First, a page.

PUSH-BACK: Fuel Shortage hitting Nepal

The April 2015 earthquake was one of the most destructive in Nepal’s History. It killed more than 8,000 people and displaced about 450,000. Massive landslides, centuries-old monuments crumbled in Kathmandu valley and avalanches swept through the Himalayas, including an avalanche at mt. Everest base camp that killed at least 20 mountaineers and native.

The devastation was extensive, but Nepal’s infrastructure was not irreparably damaged. After six months of devastating earthquake Nepal started to rebuilt itself: the streets in affected districts like Kathmandu, Bhaktapur and lalitpur are clear of rubble and its monuments are being rebuilt. Again the streets are started to clog with cars, motorcycles, trucks and rickshaws as before. One of my foreigner friend wrote to me “WoW! nice to read that Thamel is fine and the earthquakes’ impacts are practically invisible in that place. The popular Everest beer is served again.” Even the highways connecting capital city with other districts were also clear and appeared undamaged. Roadside cafes are open for business, serving buffets to dal bhat and tarkari. Nepal is returning to normal. Nepal’s tourism industry is back up and running.

And, adding to Nepal’s woes, recent protests over Nepal’s new constitution got hyped. The new constitution got adopted in 20th September, 2015. This spurred neighboring India to block transport trucks from entering Nepal, creating a nationwide fuel shortage that threatens to derail Nepal’s earthquake recovery.

Nepal gets 60 percent of all imports and nearly all of its oil from India. Nepal is a landlocked country and Nepal suffered badly after the blockage. India cut its flow of transport trucks into Nepal after protests against Nepal’s new constitution erupted in villages along Nepal’s southern boarder with India at the end of September. More than 40 people died in related violence.

The protesters claimed Nepal’s new constitution left Nepal’s southern border territories, which have close ethnic ties to India, under-represented in Nepal’s parliament and showed preference to northern highland territories.

India has been denying blockage of fuel supplies to Nepal, claiming protesters in southern Nepal were blocking the shipments. The Indian government issued a statement expressing concern over the protests and ensuring violence, as well as for the safety of its truck drivers who transport goods into Nepal. Nepal officials claim, however, that India has limited its fuel shipments to punish Nepal for its new constitution. Kathmandu has labeled India’s fuel blockade an infringement in Nepal’s internal affairs.

Evidence of the fuel shortage in Nepal is currently more ubiquitous than that of Earthquake damage.

Domestic airlines have been halted with increased in its ticket fared with double, Some airlines have canceled flights to Kathmandu since the fuel shortage began, while other have had to route flights to refuel outside Nepal. Daily transportation services have come to zero mobility, and taxi drivers no longer accept only one fare, cramming as many customers as possible into their cabs to minimize trips back and forth. Gas lines in Kathmandu valley stretch for kilometers. The local buses are over crowded with passengers sitting in luggage racks. Restaurants are now offering limited menus, and the remaining items are typically more expensive than usual.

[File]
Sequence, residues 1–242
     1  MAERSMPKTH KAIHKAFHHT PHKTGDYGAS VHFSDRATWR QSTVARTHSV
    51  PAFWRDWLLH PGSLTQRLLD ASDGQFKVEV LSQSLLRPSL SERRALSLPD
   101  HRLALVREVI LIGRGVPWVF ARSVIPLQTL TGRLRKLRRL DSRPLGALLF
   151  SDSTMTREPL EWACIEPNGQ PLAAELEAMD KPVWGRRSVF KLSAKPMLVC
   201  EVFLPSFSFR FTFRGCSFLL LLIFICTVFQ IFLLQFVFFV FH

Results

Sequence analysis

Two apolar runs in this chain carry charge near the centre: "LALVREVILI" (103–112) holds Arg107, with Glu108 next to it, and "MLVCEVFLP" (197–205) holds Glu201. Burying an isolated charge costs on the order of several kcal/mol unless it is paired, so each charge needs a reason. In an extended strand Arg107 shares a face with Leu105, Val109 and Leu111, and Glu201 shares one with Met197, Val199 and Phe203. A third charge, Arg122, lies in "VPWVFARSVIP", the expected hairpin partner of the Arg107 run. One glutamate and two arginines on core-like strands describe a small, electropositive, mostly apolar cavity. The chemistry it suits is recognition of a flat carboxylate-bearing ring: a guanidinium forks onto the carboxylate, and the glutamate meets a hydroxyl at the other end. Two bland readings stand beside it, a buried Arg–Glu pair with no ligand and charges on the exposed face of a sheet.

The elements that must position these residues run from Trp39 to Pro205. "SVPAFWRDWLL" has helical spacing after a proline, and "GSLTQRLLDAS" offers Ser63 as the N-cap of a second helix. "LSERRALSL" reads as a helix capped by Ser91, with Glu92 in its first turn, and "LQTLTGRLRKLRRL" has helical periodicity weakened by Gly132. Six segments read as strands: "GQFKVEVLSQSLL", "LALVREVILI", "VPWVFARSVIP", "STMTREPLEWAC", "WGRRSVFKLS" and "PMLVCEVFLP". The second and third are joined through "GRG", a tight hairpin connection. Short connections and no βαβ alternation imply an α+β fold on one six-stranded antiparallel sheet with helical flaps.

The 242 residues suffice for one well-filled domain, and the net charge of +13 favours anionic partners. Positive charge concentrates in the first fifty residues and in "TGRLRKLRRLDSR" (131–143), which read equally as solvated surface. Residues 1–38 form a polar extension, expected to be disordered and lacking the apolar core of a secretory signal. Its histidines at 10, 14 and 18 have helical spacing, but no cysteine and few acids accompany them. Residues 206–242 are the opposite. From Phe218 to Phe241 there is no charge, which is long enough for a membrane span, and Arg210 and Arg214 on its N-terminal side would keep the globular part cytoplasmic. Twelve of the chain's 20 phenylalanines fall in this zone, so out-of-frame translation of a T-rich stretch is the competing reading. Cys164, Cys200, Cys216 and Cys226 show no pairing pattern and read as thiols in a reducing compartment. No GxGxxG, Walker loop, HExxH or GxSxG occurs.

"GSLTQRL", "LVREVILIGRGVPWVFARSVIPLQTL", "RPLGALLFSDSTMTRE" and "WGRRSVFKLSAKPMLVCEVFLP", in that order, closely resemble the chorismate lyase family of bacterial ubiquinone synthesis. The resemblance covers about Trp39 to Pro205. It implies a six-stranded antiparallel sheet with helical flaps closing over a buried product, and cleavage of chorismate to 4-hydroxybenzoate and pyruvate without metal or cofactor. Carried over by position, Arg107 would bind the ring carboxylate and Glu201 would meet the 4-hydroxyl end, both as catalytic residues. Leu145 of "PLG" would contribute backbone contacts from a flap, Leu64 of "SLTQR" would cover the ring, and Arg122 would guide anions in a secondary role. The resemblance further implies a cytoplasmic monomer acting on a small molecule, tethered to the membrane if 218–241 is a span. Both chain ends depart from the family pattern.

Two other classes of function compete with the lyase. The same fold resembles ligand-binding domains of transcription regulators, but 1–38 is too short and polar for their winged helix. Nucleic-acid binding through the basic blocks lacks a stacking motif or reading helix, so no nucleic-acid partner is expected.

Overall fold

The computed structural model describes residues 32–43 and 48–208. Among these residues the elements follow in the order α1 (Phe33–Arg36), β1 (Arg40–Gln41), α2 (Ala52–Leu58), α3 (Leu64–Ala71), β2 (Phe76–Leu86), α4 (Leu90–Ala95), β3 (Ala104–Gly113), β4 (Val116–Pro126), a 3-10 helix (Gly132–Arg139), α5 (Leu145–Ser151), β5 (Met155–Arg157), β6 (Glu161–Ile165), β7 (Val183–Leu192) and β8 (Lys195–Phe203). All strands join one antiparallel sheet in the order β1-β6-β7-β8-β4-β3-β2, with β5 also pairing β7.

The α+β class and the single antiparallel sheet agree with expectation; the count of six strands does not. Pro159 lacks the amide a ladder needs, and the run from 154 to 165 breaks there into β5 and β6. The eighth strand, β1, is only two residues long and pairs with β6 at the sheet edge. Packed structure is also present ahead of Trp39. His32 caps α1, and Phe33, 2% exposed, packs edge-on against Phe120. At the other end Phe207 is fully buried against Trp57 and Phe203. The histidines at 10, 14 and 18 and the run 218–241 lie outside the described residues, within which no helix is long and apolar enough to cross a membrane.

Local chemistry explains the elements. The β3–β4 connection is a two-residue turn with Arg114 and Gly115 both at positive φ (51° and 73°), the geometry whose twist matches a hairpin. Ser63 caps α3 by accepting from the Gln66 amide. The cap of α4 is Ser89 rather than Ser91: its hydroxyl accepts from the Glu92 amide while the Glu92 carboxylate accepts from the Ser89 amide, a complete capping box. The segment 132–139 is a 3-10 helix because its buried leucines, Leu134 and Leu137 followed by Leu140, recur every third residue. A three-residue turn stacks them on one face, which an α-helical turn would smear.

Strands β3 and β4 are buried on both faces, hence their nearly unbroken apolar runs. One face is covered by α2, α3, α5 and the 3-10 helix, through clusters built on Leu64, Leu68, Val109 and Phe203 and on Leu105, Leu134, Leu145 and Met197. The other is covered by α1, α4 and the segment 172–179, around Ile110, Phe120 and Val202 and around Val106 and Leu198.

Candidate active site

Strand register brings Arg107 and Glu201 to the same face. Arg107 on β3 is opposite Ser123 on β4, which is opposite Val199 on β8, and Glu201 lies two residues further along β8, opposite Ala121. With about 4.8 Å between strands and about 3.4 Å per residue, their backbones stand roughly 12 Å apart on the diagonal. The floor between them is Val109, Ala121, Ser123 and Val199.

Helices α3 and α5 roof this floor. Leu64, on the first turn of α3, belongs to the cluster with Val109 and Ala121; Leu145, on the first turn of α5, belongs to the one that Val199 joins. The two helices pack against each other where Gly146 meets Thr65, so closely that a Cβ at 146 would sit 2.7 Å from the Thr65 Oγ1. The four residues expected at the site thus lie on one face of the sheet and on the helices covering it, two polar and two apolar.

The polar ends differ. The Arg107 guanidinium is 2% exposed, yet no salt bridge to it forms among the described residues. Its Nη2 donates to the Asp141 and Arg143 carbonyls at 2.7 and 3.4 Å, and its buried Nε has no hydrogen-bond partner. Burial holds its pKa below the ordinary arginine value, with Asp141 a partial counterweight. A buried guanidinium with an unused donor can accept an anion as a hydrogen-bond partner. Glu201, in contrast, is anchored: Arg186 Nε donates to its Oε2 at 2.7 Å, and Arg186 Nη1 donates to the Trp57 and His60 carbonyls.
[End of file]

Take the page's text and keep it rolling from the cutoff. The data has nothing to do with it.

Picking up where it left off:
Many Nepalese citizens have turned to burning wood to cook since there is not enough fuel for gas stoves and ovens.

Kathmandu has implemented fuel-rationing measures, limiting the fuel available to private vehicles. But many in Nepal claim rationing has created a fuel black market.

Consequently, prices on almost everything, from beer to eggs, have increased.

The Indian blockade has also ignited anti-Indian sentiment across Nepal. Protesters in Kathmandu rallying against the blockade chanted anti-Indian slogans, and buildings are spray painted with the graffiti “#backoffindia”. This reminds us the incident of Indian media’s interference during earthquake in Nepal.

The fuel shortage has hampered ongoing relief efforts to many of Nepal’s remote mountain villages, which were the hardest hit by the earthquake.

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Youth Champions during Humanitarian Crisis

Youth Champions Nepal were planning for its country seminar to introduce itself among network working in dedication to young people’s sexual and reproductive health & rights when Nepal was struck by its worst earthquake in nearly a century on April 25, 2015. The earthquake destroyed nearly 600,000 and damaged almost 300,000 homes, and displaced some 2.8 million people. More than 8.800 people were killed, tens of thousands were injured. The people are still frightened by aftershocks and the devastation was compounded by number of powerful aftershocks.

Once the earthquake struck our cities, there was urgent need for food, water, shelter and other basic stuffs including first aid. There were numerous causalities reported in district hospitals. The first step of our Youth Champions Network in Nepal we distributed rice, dal, water, sugar, oils, traps & tents, etc. This is what we immediately understood about a humanitarian crisis of this nature. This was the first experience for us living in Kathmandu valley and dealing with natural disaster. But in-coordination with Asia Safe Abortion partnership we realized, there is also an urgent need to provide life-saving reproductive health services and to prevent and respond to gender based violence. Asia Safe Abortion Partnership allowed to use funds to prepare “Hygiene Kits” and distribute among women and girls being affected by earthquake.